UK/EU equity outlook 2021: Social and governance to take centre stage

2021 forecasts for UK and EU regulation, engagement with companies and opportunities for sustainable growth

Fund managers and CEOs in the UK and Europe share their outlooks for different themes aimed at supporting the planet and society


Alex Game, ethical officer, Unicorn Asset Management

Regulation will play a role in accelerating the adoption of ESG within the UK. The Task Force on Climate-related Financial Disclosures will require full mandatory climate-related financial disclosure for UK companies by 2025 and some reporting requirements beginning as early as 2021. 

In all likelihood this will be followed by further regulation, which will serve to increase pressure on companies to continue improving their disclosure and ultimately their accountability.

Sacha El Khoury, director, global equities, BMO Global Asset Management

Global action to combat Covid-19 this year has been unprecedented. Now we must deal with existential crises that are unfolding over much longer timeframes yet require a similar urgent and unified approach, such as climate change, resource constraints and ageing and growing populations. Regulators, governments and corporates are finally mobilising and we see this momentum building in 2021 and beyond, with Europe leading the way.

Regulation in Europe has only intensified since European Commission President Ursula Von Der Leyen proclaimed that the EU Green Deal would be Europe’s “man on the moon moment”. The deal aims to reach carbon neutrality by 2050, making Europe the first climate-neutral continent. The pandemic reinforced support for the deal, leading to a recovery plan focused on green investments and digitalisation. We believe this regulatory tailwind will intensify in 2021 and beyond.

For example, the Paris Agreement requires all buildings to be net zero carbon by 2050, but less than 1% are today. Companies like Schneider, the global leader in buildings’ energy transition and automation, offer solutions to this challenge and will ultimately benefit from the intensifying regulatory backdrop. While environmental issues remain a priority, we expect social issues to also take centre stage.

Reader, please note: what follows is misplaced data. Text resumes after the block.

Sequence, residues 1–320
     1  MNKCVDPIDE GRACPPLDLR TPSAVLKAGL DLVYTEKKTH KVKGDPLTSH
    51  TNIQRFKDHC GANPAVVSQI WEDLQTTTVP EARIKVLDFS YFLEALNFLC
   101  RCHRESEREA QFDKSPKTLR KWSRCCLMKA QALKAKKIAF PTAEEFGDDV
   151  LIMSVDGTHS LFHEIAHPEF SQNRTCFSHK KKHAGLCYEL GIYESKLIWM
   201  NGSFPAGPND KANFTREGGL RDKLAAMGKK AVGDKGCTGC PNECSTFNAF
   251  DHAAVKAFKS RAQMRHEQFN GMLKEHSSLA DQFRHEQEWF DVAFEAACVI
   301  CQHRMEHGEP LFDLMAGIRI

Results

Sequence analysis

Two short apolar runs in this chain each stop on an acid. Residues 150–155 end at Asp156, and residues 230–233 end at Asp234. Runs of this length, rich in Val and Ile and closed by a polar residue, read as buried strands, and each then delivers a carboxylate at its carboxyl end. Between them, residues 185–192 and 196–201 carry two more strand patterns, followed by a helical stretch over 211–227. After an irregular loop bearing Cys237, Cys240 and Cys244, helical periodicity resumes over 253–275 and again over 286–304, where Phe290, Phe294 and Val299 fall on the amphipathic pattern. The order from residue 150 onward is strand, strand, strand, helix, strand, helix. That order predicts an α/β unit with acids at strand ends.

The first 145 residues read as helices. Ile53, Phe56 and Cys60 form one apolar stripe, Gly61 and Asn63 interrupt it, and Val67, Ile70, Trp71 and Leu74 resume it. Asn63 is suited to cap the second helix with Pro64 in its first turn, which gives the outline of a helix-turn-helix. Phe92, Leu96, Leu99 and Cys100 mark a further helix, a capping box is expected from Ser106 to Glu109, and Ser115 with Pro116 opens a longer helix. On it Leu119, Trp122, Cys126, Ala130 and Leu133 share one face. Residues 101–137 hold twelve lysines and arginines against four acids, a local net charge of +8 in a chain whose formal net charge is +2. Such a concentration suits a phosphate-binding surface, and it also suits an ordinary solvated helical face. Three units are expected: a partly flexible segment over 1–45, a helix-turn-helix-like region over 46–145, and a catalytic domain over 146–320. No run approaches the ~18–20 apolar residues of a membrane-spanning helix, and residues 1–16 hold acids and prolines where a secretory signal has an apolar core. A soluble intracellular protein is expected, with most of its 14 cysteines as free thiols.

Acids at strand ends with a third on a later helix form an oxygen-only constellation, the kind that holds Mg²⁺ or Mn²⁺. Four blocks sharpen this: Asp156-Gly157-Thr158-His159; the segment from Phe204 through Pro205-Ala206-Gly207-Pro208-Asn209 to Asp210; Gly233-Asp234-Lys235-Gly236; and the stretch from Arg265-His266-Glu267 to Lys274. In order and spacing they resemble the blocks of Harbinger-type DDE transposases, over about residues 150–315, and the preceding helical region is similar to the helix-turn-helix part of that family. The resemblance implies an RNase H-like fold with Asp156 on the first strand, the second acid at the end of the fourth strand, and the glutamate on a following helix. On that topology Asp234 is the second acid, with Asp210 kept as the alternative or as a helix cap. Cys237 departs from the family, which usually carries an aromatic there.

Matt Evans, manager of the Ninety One UK Sustainable Equity Fund

An increased focus on the quality of management and how the requirements of all key stakeholders are met will give businesses a better chance of successfully coming out of this challenging time, and companies with motivated and well-trained workforces are likely to emerge on the front foot. It will be necessary for businesses to carefully assess their labour policies and practices as well as commit to managing, training and supporting staff as we look ahead to a transformed working environment.

What’s more, with the economic outlook anything but certain, preparing young people for a structurally shifting working environment and supporting on job creation will land at the feet not just of governments, but UK companies as well.

Diversity and inclusion has been a key area of focus for businesses this year and we can expect closer scrutiny of companies’ records and policies in 2021. What comes next is likely to go beyond asking whether businesses have achieved industry-average levels of diversity, but demanding leadership, new thinking and advances in best-practice.

See also: – Outlook 2021: What’s next on the D&I agenda?

René Møller Petersen (left) and Frederik Nøkleby Weber portfolio managers of the Nordea 1 – European Stars Equity Fund

Even though European corporates may be ahead of global peers in the ‘E’ component of ESG, there is still work to be done – especially in relation to the ‘S’ and ‘G’. For example, there are many examples of companies with combined CEO and chairperson roles, while we often see European companies lagging international peers in terms of gender diversity. In addition, Europe is home to many conglomerates that have displayed poor capital allocation decisions.

This is where engagement and investment flows can make an impact in driving corporates in a more sustainable direction – while also boosting the return potential of a company.

German company GEA Group, one of the largest technology suppliers for food processing, is a good example of this. The company had grown sustainably through acquisitions, but profitability lagged due to integration issues. ESG-related metrics were also declining, such as in its high labour turnover, which resulted in falling employee satisfaction. Along with fund manager Elliott, we began an engagement process with the company in 2017 and took it all the way to the board the following year. A new management team was installed in 2019 to improve integration and get the company back on the right track. We recently had a follow up meeting with the new management team, and we are seeing promising signs.


Nicholette MacDonald-Brown, head of European blend team and portfolio manager, Schroders

We hope 2021 will be the year that shows sustainable investing is not simply the same thing as quality growth investing. Quality growth companies tend to have consistent returns and this consistency has been prized by investors in recent years. As the economy strengthens in the wake of the pandemic, there is scope for cheaply valued companies to generate better returns. These kinds of companies can also be sustainable investments particularly if we, as investors, engage with them and help to effect positive change.


Natasha Turner

Natasha is global editor at ESG Clarity, part of Mark Allen Financial, and has been a financial journalist for seven years. She has been shortlisted for Story of the Year and Investment Journalist of the...